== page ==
Dunkirk also seems to straddle the line between documentary and fiction. In storytelling format, it utilizes at least three different point of views with each POV having its own timeframe, yet overlapping with each other to create a larger whole. This sort of challenge however, is right up Nolan’s alley of layered storytelling in his movies.
All said and done, the movie feels very real. It brings the audience close to the scene of war. Death is not glamorous here, but very matter-of-fact. It comes suddenly and without warning. There are many striking moments in the film where the cold brutality of death comes sweeping around. And its climax is not sweet or clean, but bittersweet. Nonetheless, it ends with a note of hope – a promise of victory to come.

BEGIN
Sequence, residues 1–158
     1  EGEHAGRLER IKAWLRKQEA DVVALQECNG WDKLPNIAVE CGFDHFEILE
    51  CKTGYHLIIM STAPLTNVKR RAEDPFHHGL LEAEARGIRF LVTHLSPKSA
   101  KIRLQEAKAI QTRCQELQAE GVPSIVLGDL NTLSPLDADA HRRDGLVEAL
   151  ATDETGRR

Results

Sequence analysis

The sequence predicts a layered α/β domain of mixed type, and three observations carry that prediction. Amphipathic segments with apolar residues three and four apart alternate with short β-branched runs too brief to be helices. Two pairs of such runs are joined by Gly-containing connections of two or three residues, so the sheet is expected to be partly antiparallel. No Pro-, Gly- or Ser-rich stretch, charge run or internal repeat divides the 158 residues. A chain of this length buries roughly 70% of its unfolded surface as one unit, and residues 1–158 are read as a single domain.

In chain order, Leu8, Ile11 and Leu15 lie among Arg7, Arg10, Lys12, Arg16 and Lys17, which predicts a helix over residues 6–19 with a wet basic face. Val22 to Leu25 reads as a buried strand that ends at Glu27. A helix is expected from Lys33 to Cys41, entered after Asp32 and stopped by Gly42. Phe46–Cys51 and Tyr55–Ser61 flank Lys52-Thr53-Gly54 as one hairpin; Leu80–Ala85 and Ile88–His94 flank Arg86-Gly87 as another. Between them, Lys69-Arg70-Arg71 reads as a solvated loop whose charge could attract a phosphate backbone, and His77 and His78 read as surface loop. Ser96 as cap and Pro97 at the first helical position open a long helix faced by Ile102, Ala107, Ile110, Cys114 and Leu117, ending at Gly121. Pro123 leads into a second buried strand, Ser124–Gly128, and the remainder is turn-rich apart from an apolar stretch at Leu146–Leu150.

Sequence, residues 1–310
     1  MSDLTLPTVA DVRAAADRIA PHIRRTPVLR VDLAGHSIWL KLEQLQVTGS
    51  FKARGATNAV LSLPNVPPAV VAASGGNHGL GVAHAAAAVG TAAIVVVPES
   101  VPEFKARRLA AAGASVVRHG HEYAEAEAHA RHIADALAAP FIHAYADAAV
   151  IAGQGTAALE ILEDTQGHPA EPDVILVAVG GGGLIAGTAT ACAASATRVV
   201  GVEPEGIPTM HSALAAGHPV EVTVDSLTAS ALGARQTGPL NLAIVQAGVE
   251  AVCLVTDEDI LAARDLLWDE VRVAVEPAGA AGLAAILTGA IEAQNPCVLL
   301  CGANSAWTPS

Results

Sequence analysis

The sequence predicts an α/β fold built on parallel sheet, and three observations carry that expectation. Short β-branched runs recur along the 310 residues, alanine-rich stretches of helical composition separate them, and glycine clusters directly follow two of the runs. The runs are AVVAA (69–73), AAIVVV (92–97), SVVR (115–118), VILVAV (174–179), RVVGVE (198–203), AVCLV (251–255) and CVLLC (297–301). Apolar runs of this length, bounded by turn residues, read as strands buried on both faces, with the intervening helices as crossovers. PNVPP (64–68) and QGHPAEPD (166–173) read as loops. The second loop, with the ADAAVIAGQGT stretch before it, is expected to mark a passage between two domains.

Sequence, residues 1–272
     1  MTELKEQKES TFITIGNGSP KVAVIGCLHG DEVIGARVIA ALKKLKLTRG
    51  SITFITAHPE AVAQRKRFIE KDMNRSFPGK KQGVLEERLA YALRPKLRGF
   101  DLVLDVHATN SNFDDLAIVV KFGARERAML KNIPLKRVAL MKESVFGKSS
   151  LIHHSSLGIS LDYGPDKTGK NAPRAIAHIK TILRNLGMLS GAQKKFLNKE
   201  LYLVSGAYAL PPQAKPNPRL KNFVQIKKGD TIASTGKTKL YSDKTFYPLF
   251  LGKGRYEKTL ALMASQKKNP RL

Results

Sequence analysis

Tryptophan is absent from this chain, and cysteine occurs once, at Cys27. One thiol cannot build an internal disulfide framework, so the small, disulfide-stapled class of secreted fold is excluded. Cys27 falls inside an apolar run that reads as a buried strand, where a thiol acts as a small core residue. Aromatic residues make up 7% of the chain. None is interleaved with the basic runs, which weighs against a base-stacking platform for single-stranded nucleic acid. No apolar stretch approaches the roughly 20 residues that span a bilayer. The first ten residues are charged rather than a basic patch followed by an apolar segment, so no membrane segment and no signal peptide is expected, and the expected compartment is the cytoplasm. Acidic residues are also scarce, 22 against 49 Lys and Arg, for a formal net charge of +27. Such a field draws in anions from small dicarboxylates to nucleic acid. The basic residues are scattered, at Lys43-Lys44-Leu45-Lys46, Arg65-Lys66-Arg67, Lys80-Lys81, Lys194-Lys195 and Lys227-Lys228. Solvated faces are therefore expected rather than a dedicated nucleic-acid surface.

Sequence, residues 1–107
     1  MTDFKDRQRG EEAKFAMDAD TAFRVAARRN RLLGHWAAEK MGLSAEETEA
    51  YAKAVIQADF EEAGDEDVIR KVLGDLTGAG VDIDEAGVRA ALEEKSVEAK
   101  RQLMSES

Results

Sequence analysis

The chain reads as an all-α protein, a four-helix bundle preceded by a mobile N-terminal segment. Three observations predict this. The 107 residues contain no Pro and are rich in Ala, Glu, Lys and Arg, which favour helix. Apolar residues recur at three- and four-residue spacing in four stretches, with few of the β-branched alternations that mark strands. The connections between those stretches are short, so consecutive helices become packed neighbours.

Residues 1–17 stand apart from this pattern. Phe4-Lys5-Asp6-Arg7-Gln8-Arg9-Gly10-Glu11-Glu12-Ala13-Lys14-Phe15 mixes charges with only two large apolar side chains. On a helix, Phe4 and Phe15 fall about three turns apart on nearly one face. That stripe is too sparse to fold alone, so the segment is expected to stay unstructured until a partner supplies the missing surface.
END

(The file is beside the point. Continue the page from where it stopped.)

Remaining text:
There are no larger than life heroes in this movie. But at the same time, everyone in the movie is a hero, larger than his own life. Dunkirk is a striking reminder of the face of war, and a stirring story for those who would care to appreciate it. A must-see for any war history or drama aficionado.